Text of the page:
Even the songs that Jarvis chose to turn into videos aren’t the obvious singles from the album. “Talking or Listening” and “Fruits of Disillusion” are both oblique, wandering meditations. The best candidate, “That Don’t Make It So,” is paired with a video that obviously required the least effort (Jarvis dancing and grooving in front of a green screen and in various urban areas), like it was a last-second project that was thrown together.
Light plays a big part in Jarvis’ videos, finding an analogue in the flecks and strands of ambience that swirl in and out of his work. When a strong melody breaks through the mix, it’s as if the sun has emerged from a thick blanket of clouds.
“Fruits of Disillusion” is a great example of this. Wandering organ and spectral tones fly around and suggest the scattering plumes of cloud on a morning horizon. In the video, Jarvis stands on a small island clutching a microphone, singing over this collage of sounds. In other parts he wanders he wanders in a lush field or hops from rock to rock in a forest. Light flickers into the video at times, sometimes washing it out in reds and purples or scattering in ghostly images. The wandering, almost dreamlike consciousness is his way of dealing with change:
“Guess the fruit of disillusion is in season
But if it’s not thought through
Take a moment or two and just try to gauge this constant change”
Another video, “Talking or Listening?”, circles a ruminating Jarvis in an apartment. Bright beams of light filter in through the window, and off in the corner you can see someone lying in the bed and faced away from the camera. It’s unclear whether Jarvis is talking to that person or to everyone, but the intensely personal world of his music almost makes it sound like he’s asking himself rhetorical questions, and that this situation is a minor respite from the internal journey he feels bound to.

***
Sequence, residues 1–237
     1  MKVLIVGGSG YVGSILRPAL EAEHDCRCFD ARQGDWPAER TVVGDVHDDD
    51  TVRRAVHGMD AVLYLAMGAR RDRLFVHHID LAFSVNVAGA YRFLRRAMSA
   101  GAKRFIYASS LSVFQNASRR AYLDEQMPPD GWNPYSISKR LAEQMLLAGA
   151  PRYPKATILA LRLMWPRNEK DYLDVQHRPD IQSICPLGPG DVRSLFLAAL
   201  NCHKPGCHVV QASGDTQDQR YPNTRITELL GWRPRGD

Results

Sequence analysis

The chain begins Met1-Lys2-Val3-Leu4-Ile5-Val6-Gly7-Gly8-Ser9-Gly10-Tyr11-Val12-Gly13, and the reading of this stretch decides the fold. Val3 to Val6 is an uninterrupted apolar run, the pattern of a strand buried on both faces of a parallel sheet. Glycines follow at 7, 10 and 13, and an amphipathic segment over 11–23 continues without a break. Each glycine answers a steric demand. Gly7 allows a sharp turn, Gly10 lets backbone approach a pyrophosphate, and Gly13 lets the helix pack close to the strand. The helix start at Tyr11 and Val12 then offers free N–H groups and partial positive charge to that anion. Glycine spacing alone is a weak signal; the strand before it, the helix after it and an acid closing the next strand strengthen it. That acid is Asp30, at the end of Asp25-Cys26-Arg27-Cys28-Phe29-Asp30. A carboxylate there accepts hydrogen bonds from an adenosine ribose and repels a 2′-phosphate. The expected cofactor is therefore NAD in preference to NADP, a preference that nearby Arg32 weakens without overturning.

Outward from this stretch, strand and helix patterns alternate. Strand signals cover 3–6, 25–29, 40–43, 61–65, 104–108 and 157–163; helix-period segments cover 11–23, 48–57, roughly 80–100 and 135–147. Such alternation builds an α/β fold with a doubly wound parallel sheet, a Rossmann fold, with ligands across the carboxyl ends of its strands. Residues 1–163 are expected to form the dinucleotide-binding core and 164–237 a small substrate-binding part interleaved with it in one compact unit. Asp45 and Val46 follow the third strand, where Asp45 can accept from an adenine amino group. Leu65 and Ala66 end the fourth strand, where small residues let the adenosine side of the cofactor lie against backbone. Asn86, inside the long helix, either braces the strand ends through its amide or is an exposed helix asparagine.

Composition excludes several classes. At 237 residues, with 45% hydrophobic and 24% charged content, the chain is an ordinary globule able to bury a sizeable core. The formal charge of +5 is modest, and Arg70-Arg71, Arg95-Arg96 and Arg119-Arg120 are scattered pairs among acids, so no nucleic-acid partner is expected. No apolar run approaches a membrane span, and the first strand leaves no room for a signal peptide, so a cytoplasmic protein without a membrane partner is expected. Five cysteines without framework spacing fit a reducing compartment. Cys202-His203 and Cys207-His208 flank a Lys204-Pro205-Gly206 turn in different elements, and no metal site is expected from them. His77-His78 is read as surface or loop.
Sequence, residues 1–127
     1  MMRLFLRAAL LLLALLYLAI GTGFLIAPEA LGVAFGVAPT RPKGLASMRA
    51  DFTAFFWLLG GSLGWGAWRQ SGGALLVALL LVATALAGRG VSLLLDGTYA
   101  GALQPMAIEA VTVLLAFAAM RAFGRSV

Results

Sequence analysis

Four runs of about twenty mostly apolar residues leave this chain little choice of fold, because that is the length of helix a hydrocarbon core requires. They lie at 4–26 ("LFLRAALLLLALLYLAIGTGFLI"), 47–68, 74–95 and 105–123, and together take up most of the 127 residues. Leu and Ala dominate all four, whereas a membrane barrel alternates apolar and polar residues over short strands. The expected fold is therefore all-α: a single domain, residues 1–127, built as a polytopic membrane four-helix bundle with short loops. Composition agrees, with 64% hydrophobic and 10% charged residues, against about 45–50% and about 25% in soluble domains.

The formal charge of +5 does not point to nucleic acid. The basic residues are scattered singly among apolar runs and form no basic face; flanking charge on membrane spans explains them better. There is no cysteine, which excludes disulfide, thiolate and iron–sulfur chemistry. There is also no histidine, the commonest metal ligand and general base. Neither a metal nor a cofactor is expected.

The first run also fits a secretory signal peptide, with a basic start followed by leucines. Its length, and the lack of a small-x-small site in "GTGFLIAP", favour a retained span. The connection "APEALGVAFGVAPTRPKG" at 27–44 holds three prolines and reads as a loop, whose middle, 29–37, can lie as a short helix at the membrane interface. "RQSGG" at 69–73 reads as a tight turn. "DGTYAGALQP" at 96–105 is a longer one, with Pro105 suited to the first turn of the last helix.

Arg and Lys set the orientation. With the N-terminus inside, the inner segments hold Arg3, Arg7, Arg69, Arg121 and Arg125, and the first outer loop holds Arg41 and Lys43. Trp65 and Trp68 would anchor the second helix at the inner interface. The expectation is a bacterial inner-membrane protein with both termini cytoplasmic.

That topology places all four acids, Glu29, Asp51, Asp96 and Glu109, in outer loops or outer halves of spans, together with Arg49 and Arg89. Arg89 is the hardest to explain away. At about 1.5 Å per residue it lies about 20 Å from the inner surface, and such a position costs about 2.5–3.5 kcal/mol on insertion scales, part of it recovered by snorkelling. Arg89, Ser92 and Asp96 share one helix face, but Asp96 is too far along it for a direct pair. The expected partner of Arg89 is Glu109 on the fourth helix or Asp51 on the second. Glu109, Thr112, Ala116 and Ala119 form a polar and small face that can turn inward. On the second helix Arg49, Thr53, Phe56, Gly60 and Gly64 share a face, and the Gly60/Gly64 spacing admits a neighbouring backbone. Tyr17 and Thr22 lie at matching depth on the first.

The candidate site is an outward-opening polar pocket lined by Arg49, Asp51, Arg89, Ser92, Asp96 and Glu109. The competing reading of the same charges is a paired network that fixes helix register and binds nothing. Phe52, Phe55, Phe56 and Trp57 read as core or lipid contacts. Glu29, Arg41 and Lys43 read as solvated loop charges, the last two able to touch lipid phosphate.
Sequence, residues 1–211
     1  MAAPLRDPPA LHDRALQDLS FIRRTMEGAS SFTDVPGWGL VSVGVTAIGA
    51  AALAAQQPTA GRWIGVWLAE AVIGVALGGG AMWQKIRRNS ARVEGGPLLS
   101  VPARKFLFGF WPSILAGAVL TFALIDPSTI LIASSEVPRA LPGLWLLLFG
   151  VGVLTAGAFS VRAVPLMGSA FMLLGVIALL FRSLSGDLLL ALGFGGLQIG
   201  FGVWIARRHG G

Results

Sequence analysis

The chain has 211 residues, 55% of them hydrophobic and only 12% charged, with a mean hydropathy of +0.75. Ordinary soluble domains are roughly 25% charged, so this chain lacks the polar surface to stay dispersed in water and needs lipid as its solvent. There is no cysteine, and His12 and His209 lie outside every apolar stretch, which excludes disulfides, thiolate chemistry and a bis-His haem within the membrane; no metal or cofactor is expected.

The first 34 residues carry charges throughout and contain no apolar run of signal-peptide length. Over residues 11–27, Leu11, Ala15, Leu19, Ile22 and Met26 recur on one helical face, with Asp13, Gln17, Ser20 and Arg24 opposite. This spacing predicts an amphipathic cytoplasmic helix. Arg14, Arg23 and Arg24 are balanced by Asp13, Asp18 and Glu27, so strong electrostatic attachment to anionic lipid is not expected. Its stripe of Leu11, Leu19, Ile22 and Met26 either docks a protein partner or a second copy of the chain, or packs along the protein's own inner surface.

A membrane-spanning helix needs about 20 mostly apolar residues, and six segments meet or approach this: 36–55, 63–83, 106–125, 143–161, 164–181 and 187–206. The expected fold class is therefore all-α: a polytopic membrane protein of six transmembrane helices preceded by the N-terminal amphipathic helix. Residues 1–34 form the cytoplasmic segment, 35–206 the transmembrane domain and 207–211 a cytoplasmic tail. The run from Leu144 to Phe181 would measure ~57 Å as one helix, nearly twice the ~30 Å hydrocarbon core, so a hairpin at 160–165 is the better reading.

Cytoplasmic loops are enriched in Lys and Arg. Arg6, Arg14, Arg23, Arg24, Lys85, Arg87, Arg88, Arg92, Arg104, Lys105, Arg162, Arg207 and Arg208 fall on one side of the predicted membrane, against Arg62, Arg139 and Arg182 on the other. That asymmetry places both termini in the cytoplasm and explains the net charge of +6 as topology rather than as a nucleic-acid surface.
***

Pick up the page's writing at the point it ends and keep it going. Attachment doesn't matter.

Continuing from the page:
His music finds another analogue in the art of collage, a form that follows similar patterns to Jarvis’ music. When I first heard “The Same But By Different Means,” I had the sense of Jarvis with the history of pop and soul music spread out in front of him. Using scissors and a stick of glue, he was cutting out bits and pieces of melodies, harmony, and rhythm, creating a collage of sound that was at once personal but also vaguely familiar.
After a few songs, you can clearly see one of the major themes that runs through the work of Yves Jarvis: constant change. This plays into everything from his searching lyrics to the obsessive, quickly moving feel of Jarvis’ production. There is even a song on the album called “Constant Change,” where he distorts his voice as if trying rewind tape by hand even as the music goes stubbornly on.
In many ways Jarvis’ music is reminiscent of Frank Ocean, who also curates a collage-like atmosphere in his productions, deftly cutting and shifting songs so that they feel like artfully positioned approximations of pop music itself. Jarvis’ music isn’t nearly as glossy or full of spectacular shifts of mood as Ocean’s, never hitting the heights of gospel bliss that a song such as “Godspeed” did. This can also be a strength for Jarvis, giving his music an intimate, whisper-in-your-ear feel that this record rarely lets slip away.
The last song on the record, “The Truth”, feels like a surrender. Jarvis’ muttered, spoken-word lyrics are difficult to understand under the constant thrum of guitar and ambience and the occasional voice samples which reference – you guessed it – change. It’s like his stream of consciousness barely under the surface of waking life, one filled with sound and distractions and movement. But ultimately the song doesn’t feel scattered or sad. It seems to find peace by just existing inside of the messy pullulation of the world.